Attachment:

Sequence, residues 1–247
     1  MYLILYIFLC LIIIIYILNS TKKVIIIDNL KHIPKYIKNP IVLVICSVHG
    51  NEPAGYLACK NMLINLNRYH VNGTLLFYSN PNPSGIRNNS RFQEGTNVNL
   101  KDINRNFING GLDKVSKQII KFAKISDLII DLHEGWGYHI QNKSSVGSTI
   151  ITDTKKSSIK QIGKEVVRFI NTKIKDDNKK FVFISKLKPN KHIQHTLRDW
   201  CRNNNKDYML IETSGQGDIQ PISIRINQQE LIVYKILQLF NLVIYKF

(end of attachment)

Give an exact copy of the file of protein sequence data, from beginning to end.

Sequence, residues 1–247
     1  MYLILYIFLC LIIIIYILNS TKKVIIIDNL KHIPKYIKNP IVLVICSVHG
    51  NEPAGYLACK NMLINLNRYH VNGTLLFYSN PNPSGIRNNS RFQEGTNVNL
   101  KDINRNFING GLDKVSKQII KFAKISDLII DLHEGWGYHI QNKSSVGSTI
   151  ITDTKKSSIK QIGKEVVRFI NTKIKDDNKK FVFISKLKPN KHIQHTLRDW
   201  CRNNNKDYML IETSGQGDIQ PISIRINQQE LIVYKILQLF NLVIYKF